2. Get your financials in order.When a judge doubts one number, they begin to doubt them all. Then they begin to question your credibility. Not sure about your numbers? Go the conservative route, but be able to explain your reasoning.
  3. Be prepared to be interrupted. A real pitch is a dynamic conversation. Come ready to answer any question about your business plan and anticipate judges’ concerns. Including answers to these concerns in your appendix will also help you maintain your cool during the Q&A.
  4. Network.This competition is rich with knowledgeable students, judges, and business people – use this opportunity to your advantage. And don’t forget to have fun!

    tougHer

    The Oregon MBA TougHer Team

  5. Be there to learn.We get it – this idea is your baby. However, if you’re open to critique and look for the learning opportunity in every situation, you are more likely to pivot in a direction that will lead to success.

Written by Kathryn Butera

Kathryn is originally from the Bay Area and is currently a first year MBA student in the Lundquist Center for Entrepreneurship.

Showing Up Fit and Well

Kathryn Butera USF Graduation

When I graduated from the University of San Francisco in 2013 with a B.A. in International Studies, I had no idea what I would do with my degree. Everyone talks about the mid-life crisis, but no one ever talks about the the post-graduation crisis. I spent four years scheduling out every day with homework, extracurricular activities, and part-time jobs, all while exploring everything that San Francisco had to offer. However, when it came time to go off and pursue a full-time career, I was unclear about my direction.

I decided to take advantage of my freedom and move to Panama City, Panama. I figured I would work any job I could find while exploring what I was actually passionate about. After about six months of living in Panama, I found myself working at a small financial consulting company as an executive assistant.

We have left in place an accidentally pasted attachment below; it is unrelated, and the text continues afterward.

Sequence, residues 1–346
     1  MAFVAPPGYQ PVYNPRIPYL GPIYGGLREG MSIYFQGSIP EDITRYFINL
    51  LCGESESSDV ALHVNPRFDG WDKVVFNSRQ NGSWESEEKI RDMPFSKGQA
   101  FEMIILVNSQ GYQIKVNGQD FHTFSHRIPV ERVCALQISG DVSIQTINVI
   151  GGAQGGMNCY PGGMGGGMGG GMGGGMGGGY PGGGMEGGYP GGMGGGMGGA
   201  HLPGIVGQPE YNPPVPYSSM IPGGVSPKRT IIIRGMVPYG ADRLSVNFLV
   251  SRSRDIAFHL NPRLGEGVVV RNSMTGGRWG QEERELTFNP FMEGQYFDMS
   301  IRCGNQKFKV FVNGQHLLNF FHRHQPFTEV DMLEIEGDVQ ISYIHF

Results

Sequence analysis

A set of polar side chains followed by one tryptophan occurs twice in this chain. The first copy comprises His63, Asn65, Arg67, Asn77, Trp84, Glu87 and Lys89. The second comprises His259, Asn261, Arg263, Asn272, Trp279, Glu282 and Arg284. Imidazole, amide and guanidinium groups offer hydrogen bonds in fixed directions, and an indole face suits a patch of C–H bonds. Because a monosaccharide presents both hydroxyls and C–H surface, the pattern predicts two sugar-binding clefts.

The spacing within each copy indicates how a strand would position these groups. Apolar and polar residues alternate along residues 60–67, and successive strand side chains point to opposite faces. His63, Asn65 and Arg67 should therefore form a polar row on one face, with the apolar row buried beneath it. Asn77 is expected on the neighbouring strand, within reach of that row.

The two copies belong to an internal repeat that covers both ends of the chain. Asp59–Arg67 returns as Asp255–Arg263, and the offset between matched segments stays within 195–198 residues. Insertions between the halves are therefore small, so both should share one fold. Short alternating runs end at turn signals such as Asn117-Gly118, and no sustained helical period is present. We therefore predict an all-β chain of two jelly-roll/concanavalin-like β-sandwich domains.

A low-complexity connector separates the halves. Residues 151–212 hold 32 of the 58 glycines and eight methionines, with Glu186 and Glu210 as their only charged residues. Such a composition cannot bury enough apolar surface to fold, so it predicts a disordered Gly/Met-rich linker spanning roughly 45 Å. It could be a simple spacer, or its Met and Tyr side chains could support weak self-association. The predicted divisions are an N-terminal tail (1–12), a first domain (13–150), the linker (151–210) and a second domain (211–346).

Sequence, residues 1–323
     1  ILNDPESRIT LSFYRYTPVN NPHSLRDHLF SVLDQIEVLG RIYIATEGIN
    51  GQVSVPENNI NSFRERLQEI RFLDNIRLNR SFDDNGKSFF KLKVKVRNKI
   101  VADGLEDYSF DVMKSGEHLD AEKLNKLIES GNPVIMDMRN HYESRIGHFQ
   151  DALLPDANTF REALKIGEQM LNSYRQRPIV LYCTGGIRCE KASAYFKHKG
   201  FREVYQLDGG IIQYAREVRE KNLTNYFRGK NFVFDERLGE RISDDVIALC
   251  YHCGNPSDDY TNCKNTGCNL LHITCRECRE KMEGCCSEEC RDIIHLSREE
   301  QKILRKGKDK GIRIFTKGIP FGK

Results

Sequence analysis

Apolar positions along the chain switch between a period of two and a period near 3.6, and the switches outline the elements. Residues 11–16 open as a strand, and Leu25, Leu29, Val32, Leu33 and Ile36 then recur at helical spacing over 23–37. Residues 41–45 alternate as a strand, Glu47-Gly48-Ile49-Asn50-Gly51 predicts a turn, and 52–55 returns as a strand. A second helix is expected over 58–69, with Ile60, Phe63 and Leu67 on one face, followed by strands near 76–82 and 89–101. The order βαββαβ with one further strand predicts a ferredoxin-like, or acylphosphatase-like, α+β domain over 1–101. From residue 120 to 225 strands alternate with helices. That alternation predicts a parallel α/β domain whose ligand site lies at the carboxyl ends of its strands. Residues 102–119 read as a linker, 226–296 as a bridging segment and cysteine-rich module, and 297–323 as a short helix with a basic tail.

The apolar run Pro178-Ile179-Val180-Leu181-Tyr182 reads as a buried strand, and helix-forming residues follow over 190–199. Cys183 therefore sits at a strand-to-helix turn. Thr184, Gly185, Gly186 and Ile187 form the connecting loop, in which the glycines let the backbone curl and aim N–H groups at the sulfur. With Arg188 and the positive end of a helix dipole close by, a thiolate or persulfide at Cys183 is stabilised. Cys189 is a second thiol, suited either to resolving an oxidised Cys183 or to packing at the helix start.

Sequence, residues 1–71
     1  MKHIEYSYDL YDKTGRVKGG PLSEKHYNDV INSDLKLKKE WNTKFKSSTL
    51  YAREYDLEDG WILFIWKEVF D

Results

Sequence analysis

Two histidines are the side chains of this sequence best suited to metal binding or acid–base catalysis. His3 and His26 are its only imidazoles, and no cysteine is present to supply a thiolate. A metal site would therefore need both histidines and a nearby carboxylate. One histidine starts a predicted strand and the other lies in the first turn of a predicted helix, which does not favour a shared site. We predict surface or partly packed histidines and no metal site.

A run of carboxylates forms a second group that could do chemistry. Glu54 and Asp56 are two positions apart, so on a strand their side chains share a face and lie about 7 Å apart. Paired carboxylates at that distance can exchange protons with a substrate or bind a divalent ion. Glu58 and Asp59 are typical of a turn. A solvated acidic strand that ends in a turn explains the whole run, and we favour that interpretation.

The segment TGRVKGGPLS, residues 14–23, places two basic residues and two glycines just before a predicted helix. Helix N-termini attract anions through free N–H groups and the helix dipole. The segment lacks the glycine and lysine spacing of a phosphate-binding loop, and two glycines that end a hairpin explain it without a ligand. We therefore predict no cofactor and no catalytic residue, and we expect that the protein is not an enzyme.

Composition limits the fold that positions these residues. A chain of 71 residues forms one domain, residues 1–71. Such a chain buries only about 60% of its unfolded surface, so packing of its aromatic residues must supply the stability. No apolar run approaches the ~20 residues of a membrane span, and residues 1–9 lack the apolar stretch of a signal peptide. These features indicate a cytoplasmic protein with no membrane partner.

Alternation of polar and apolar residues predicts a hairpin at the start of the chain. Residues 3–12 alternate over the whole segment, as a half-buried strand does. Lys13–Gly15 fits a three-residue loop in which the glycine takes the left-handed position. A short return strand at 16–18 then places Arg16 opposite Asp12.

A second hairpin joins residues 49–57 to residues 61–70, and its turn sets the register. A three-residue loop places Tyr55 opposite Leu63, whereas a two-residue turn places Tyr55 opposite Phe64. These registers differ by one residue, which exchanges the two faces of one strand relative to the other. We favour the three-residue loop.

Panama%20City%20PanamaWhile we handled some of the biggest clients in the country, I didn’t have the skills I needed take the next step in my career and take on the projects that interested me. I discovered that I didn’t want to simply be present for my 9-5 schedule, but rather that I needed to be more emotionally invested in the work I was doing. Although I loved living abroad, I decided that it was time to leave Panama after about a year and a half, and I chose to seek a graduate program that would help push past the barriers I had previously experienced.

Fast forward to my acceptance to the Oregon MBA Program and orientation week. I was anxious and excited about meeting my cohort, starting classes, and acquiring all the skills I had lacked in my previous positions. While orientation week was exhausting, it was also one of the most rewarding experiences I have had in a group setting. I was particularly impressed by the improv group “On Your Feet”, whose presentation focused on how to be successful both in the program—and in life. One of the points most strongly emphasized was the concept of showing up “fit and well” and how that simple shift can change the outlook, mood, and outcome of a situation.

Since learning that lesson, I have been able to identify moments where I strategically changed my attitude so that I Lillis Business Complexcould show up ready to share positivity with my cohort. Now, as we approach midterms and stress levels rise, I try to remind myself to be grounded in the “fit and well” concept so that I can continue to get the most out of the program, while helping my classmates be successful as well.

Written by Kathryn Butera

Kathryn is originally from the Bay Area and is currently a first year MBA student in the Lundquist Center for Entrepreneurship.